How to choose resistance to an e-cigarette?
The proper functioning of an e-cigarette is mainly based on its resistance. However, it is often difficult to know which model to take, between a BCC or a sub-ohm. You have to choose well to hope to discover your “sweet spot”: the style of vape that aligns with your profile as a vaper. Therefore, how to sort out the resistance existing on the market? Here are some helpful tips for finding the coil that best suits your preferences.
The choice of resistance greatly impacts the quality of vaping. This is why these three major factors must be taken into account:
- The value of the resistance expressed in ohm (Ω): defines the power of the vape and the volume of vapour that the e-cig can produce. The lower it is, the greater the vaping power, and vice versa.
- The power range in Watts (W): is mentioned on the body of the resistance. It provides information on the wattage to use to adjust the power of the e-cigarette.
- The type of e-liquid is compatible with the resistance: at each resistance, it’s a batch of compatible vape juices! For example, some do not support a PG/VG base (propylene glycol and vegetable glycerin) rich in VG, as this can clog them and create a dry hit (burnt taste).
To support these criteria, one can also take into account the number of coils or resistive wires in the resistance. The more coils, the greater the heating capacity.
It is also advisable to consider the type of resistance: normal, Clapton, ceramic, Notch coil, strip and mesh.
Finally, resistance is also chosen according to its type of resistive, or more precisely according to the material with which it was manufactured: kanthal, nichrome, nickel, titanium or stainless steel.
Resistance and vaping materials: correspondence to respect
The resistor value should line up with the battery voltage for a perfect sweet spot. Insufficient current results in low vapour volume and/or bland flavours. A current that is too intense can alter the operation of the resistance, making vaping impossible. Prefer resistors of 1.5 to 2.5 ohms for conventional batteries with variable voltage or not.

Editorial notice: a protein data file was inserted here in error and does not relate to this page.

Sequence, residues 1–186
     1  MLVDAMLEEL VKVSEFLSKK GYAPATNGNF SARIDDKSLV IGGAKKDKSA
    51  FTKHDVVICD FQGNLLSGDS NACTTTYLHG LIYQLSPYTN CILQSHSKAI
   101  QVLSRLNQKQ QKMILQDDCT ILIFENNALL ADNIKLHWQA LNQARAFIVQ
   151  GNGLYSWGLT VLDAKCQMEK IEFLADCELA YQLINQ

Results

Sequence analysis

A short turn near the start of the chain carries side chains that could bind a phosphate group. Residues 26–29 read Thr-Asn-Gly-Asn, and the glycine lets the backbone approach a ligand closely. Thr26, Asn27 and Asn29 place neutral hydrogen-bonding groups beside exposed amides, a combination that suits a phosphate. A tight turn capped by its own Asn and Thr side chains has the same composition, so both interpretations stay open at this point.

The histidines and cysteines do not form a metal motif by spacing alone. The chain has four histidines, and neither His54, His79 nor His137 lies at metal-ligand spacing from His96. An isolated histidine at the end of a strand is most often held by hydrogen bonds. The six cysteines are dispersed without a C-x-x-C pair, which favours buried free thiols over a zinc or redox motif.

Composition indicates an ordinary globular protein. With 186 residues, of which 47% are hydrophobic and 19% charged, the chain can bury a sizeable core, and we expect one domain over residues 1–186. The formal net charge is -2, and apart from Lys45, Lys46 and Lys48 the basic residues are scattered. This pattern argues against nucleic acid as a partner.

As the resistance value increases, the vapour produced will be cold. Below 1.8 ohms, the vapour is hot. Between 1.8 and 2.2 ohms, it is lukewarm. Between 2.2 and 2.5 ohms, it is cold.
If you are aiming for indirect inhalation from a mod or an electronic box, it is advisable to opt for a resistance of 1 to 1.8 ohm with a power set at 15 W at most. For indirect inhalation via a sub-ohm, a low-value coil of 0.5 to 1 ohm and high power are preferred.
Mods or mechanical boxes intended for expert vapers usually pair with 0.5 and 0.8-ohm coils.
Choose from different resistor technologies
CE4 or T2 type long wick resistors
These models are robust and do not cost too much. They are ideal for neophyte vapers. These resistors are equipped with silica, glass or cotton wicks, the bristles of which cause the liquid to rise by capillarity.
Simple resistors BCC (“Single coil”)
They have a single thread and a short wick. They generate a warm to hot vapour and restore the flavours of the e-liquid to perfection.
BDC double resistors (“Dual coil”)
Equipped with a double resistive wire, these resistance models have a larger heating surface. They produce denser vapour and consume more e-liquid. In particular, they use 10 to 20% more liquid than simple BBC resistors, depending on the wattage.
BVC (Bottom Vertical Coil) vertical resistors
Intended for a more specific use, these are placed inside a vertical chimney. They deliver a generous vapour, while properly restoring the flavours of the e-liquid. It is a robust and durable model.
Characterized by a value of less than 1 ohm, these models are used to produce dense and generous vapour. Supporting a higher wattage, this type of resistance is mainly suitable for e-cigarettes specifically using fatty e-liquids with high viscosity and rich in VG. Requiring a fairly high cost, it is mainly aimed at experienced vapers.